The Problem Named Is The Problem Solved1 Comment April 11, 2009 / Posted in Mindful Business, Mindful Leadership
I had a meeting today with a Vistage 29 member candidate. The issue got around to difficulties in dealing with Spriggs from a partnering company. Spriggs’ agenda seemed to be that in these difficult economic times she was circling the wagons and focused on preserving capital and riding out the next six months to a year.
My member candidate saw that there is an excellent opportunity within one of his other partnerships that would benefit Spriggs; partnering company for a minimal investment. On the upside it would increase revenues and cash flow for her company. On the downside, they would own a property that might take 5 or 6 years before they would see the return on their investment.
He saw her as resistant. Some of his team members because of Spriggs’ resistance were picturing her as the enemy and used words to emphasize that position: against us; fighting; in it for themselves; going to do us in. She had become the problem. She was standing in the way.
As the member candidate and I talked over breakfast at the Hilton La Jolla Torrey Pines on this rainy San Diego morning, I said: The problem named is the problem solved. From all you’ve told me, this woman is the problem. He agreed, that she was the problem. I asked: Is she the real problem? Yes!, he replied, a bit irritated that I wasn’t getting it. She holding us back from getting the money that we need to go forward.
So, if she said she wished she could help but was unable to assist and you didn’t see her as the problem; what would the problem be then? He thought for a few moments, stirring his coffee. Well, if she’s out of the picture, it would be a capital investment issue.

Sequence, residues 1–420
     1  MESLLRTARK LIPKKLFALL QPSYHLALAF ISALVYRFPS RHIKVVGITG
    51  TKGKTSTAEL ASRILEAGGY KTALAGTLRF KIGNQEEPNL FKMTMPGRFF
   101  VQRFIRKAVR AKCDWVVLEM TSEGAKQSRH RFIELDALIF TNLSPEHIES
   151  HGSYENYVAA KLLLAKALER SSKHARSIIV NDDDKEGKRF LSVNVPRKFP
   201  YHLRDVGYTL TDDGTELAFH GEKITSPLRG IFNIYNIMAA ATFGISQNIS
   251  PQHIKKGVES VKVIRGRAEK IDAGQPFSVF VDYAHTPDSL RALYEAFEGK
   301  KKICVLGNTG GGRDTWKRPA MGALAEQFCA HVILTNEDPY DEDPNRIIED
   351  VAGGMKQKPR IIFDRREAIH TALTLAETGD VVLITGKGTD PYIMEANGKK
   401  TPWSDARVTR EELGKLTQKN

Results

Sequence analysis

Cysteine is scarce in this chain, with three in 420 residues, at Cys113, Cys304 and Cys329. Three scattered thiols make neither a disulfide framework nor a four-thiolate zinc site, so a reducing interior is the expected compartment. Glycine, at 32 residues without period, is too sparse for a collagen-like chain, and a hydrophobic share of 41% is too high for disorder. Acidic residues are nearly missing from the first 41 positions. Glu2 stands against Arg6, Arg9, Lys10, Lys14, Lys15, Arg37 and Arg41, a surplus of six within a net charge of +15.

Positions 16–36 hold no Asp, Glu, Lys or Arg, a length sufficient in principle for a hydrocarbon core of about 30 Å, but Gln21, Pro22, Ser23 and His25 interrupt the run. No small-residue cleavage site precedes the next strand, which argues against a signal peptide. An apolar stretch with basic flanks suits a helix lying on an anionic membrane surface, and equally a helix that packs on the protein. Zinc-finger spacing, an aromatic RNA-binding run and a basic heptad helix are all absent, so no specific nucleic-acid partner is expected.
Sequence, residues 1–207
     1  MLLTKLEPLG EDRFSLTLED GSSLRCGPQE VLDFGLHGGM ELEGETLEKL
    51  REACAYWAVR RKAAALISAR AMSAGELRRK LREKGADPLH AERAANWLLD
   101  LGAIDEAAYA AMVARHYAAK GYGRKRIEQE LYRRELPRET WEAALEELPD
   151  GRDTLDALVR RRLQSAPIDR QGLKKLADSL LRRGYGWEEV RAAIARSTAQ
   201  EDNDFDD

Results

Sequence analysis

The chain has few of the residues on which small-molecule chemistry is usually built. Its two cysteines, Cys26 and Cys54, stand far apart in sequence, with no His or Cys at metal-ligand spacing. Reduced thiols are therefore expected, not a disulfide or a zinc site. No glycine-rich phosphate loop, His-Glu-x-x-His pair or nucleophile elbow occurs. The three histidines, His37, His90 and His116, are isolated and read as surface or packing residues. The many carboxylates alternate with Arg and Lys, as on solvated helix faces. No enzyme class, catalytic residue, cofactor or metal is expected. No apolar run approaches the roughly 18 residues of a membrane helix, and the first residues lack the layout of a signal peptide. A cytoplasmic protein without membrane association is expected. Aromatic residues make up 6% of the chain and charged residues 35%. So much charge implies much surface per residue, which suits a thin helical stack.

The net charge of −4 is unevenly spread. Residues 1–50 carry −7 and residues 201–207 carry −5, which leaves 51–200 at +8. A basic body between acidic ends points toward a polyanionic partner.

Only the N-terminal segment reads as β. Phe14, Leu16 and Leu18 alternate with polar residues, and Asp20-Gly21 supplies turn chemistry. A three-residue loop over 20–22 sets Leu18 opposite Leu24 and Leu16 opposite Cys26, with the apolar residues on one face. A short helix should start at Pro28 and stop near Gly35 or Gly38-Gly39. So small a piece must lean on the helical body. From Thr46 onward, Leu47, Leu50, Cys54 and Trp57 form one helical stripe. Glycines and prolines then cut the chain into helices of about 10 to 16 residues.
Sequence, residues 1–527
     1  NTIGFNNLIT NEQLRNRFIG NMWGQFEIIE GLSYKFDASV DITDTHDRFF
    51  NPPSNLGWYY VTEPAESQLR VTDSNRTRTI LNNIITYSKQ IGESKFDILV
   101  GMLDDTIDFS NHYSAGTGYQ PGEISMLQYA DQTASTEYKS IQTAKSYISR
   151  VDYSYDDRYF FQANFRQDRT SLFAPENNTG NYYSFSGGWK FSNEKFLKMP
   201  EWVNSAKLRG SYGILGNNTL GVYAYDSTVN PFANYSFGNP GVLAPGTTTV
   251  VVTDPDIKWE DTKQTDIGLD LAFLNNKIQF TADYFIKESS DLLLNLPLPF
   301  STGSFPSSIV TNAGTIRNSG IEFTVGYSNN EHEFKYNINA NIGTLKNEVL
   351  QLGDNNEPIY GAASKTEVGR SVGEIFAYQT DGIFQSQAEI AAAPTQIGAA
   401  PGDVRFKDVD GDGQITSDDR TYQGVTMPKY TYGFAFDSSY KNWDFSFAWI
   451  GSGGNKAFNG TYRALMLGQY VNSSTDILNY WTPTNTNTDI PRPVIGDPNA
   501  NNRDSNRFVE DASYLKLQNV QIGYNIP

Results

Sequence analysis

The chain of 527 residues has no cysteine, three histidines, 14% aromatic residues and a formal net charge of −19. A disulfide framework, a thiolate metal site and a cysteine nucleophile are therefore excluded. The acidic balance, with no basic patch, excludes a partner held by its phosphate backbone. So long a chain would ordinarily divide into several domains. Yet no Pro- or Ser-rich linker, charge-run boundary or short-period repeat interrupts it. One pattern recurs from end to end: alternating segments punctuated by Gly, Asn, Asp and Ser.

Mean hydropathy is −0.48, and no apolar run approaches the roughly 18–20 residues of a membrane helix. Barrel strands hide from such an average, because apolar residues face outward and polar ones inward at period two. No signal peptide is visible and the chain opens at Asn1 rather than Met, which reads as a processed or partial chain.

Interesting, he said with a smile. So if she’s not the problem, and it’s a capital investment problem; who problem is it?, he said thinking to himself aloud. Bigger smile. He looked at me saying in a questioning tone: The problem named is the problem solved.
We talked a few more minutes. He got up to leave and I said I was staying a few more minutes at the table to make a call. As I finished my call I saw that he had left the Vistage application form I had given him under the receipt folder. Damn, now I’ll have to mail it to him or stop by on Monday to give it to him.
As I walked out, I noticed that the rain had stopped and it was sunny overhead and more dark clouds rolling in. Moving down the sidewalk toward my car, I see his car turning toward me from the automated ticket kiosk. I smile, knowing I can give him the application and I’ve saved myself a trip.
He rolls the window down, realizes that he forgot the application as I hand it to him. He smiles: I just talked to my office and my vice president of development said: We’re having another Spriggs’ problem. I told him: No, we’re having a capital investment problem. He laughs, says: See you Tuesday and drives away.
Cool. It’s drizzling and still sunny overhead as I walk to my car. I thank Pat Murray for giving me that gift many years ago: The problem named is the problem solved. If you want to solve the right problem be sure you name it correctly. Off to Kathy across the street at Anaphore.